How Public Venues Can Make Money on Wi-Fi Offload with Google Orion Wi-Fi

Imagine you could make money, just from your business having strong, reliable Wi-Fi – At the same time as offering customers better mobile reception inside your venue.

Google’s Area 120, an in-house incubator, has recently launched Orion Wi-Fi in the US which will enable public venues like shopping centres, grocery stores, shops, restaurants, conference venues etc to offer those using a smartphone the opportunity to automatically connect to their Wi-Fi via their mobile provider, to get better reception.

Google Orion acts as the intermediary between the public venue and the mobile provider, ascertaining whether the price and the signal strength is worth giving their customers access.

Why would mobile providers want to do this for their customers?

You may be wondering why mobile providers would decide to pay a public venue for their customers to use the Wi-Fi available.

Often, public venues like grocery stores, shopping centres and conference venues don’t have great 3G/4G/5G reception for those wishing to use their smartphones.

For customers to get better coverage direct, mobile providers would have to install more masts to try and cover these areas, which of course costs money.

An easier and cheaper alternative is to pay the public venue for their customers to use their Wi-Fi. The end user’s device would be picked up by Google Orion, which performs a rapid negotiation of cost and Wi-Fi strength between the venue and the mobile provider. The device would then automatically connect to the venues Wi-Fi upon entrance giving better reception.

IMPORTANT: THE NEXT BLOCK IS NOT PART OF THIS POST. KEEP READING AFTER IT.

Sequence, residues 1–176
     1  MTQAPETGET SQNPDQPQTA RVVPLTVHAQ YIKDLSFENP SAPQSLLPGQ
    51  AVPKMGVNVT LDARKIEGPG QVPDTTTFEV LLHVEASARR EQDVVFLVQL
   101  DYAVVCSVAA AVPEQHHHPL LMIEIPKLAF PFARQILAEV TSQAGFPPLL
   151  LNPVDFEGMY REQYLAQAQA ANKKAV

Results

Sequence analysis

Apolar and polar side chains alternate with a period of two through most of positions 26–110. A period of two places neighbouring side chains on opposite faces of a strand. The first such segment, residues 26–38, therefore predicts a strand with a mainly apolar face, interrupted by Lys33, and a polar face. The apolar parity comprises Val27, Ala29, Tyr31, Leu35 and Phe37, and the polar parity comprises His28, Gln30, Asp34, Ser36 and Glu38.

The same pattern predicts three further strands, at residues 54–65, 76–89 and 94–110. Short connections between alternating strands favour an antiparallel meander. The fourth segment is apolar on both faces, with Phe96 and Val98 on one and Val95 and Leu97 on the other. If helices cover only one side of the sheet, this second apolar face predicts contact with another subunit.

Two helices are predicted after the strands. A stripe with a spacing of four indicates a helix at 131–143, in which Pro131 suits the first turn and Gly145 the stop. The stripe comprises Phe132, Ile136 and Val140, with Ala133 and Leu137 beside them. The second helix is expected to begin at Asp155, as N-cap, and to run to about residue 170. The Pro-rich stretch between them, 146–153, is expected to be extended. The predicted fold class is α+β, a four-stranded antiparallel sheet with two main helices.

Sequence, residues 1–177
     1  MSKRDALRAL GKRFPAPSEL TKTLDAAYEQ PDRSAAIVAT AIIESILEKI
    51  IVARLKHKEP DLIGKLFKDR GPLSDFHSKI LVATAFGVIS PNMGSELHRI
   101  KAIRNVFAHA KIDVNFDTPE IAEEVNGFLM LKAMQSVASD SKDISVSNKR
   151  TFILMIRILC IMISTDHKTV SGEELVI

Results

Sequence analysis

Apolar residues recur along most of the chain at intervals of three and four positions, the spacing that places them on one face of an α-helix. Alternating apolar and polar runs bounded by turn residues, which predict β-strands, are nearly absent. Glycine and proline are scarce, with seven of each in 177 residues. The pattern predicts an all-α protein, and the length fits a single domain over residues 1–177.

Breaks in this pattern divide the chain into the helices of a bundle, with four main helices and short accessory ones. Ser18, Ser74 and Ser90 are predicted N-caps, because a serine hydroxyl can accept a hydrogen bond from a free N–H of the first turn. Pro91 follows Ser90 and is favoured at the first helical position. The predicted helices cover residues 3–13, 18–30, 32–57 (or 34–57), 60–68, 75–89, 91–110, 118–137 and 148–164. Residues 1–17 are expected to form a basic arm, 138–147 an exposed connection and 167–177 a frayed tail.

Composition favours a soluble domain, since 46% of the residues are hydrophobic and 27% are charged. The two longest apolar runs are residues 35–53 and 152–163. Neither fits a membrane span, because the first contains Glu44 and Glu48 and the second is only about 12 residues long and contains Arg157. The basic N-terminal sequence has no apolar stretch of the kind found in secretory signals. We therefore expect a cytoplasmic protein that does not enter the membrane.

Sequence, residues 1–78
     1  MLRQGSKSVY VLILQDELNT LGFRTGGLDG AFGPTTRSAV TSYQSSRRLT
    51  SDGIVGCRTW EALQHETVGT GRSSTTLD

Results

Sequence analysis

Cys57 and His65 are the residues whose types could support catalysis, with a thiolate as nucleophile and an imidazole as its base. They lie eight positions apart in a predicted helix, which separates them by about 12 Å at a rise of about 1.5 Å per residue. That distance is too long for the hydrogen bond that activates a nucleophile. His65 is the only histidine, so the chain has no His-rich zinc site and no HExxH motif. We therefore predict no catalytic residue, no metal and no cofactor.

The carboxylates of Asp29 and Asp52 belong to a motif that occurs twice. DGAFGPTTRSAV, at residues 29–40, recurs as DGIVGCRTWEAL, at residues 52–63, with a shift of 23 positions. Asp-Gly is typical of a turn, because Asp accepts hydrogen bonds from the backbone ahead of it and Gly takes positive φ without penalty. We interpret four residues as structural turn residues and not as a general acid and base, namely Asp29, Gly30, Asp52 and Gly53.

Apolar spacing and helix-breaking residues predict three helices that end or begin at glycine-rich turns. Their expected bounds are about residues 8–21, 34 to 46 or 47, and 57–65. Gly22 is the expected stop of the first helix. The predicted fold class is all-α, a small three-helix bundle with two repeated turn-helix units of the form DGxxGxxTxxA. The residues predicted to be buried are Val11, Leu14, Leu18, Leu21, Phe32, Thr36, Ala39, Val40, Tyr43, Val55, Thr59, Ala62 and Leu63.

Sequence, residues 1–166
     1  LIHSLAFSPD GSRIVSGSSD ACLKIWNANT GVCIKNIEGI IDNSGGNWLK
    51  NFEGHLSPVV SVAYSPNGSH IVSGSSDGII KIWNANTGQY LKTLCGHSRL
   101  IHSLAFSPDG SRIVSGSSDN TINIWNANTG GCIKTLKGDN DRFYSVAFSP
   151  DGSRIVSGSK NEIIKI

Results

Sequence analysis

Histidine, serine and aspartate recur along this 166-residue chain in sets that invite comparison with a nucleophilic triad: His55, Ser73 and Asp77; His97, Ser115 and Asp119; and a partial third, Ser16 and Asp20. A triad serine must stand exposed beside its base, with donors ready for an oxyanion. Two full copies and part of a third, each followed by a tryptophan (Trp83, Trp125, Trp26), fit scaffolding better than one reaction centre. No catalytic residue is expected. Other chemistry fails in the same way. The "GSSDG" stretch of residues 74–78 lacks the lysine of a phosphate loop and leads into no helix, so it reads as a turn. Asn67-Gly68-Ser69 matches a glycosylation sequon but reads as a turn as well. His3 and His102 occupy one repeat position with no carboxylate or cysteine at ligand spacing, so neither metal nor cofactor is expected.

The end user doesn’t drop their signal and remains happy with their mobile provider.

How would this Wi-Fi offload scheme work for public venues?

This Google Orion Wi-Fi device could be the first step towards indoor wireless communication being everywhere you go. And with public venues being paid for making their Wi-Fi available to mobile providers and their customers, there is even more reason to make sure your public Wi-Fi is up to scratch.

If you are a public venue and would like to make your Wi-Fi available to anyone with a smartphone walking into your business, you would sign up to become part of the Orion Wi-Fi service via their new portal.

You would connect via your Google account and then set up Orion Wi-Fi to work with your Wi-Fi network. According to Google, it is set to work with most commercial and enterprise Wi-Fi systems including the majority of AP’s and Wi-Fi controllers.

This isn’t yet in the UK, but presumably a person entering your venue on a participating mobile provider contract would then be able to connect automatically to your Wi-Fi. They would be happy that they have a good connection, associating your brand with good reception, the mobile provider would be happy that their customer can stay connected indoors, and you as a venue would be happy as you would be paid for making it available.

Current issues with Wi-Fi offloading

There are generally two main problems with Wi-Fi offloading:

– The quality of the Wi-Fi – It’s not great if end-users are handed over from their patchy mobile network to a bad quality Wi-Fi option instead.
– Connecting – End-users may be unlikely to spend time manually connecting to a different network when entering some public venues.
In theory, Google Orion addresses both of these issues and so it wouldn’t be surprising if every mobile provider would be interested. The prospect is that this could make Wi-Fi roaming even more powerful.